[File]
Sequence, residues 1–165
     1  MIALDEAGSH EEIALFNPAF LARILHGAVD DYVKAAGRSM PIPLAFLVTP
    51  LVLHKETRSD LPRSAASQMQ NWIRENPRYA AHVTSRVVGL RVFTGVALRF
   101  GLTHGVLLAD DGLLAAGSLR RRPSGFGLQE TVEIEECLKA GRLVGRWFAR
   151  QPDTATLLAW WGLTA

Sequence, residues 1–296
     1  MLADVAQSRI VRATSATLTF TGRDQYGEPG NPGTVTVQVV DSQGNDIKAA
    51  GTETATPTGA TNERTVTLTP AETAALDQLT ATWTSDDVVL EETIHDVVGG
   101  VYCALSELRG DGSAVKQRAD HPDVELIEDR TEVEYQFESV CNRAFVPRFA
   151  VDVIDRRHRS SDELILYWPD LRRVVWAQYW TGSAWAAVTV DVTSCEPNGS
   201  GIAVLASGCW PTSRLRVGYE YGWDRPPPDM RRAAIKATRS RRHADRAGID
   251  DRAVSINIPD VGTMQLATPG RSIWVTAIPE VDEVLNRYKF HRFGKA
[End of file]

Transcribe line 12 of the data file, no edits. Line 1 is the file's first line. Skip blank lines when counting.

   251  DRAVSINIPD VGTMQLATPG RSIWVTAIPE VDEVLNRYKF HRFGKA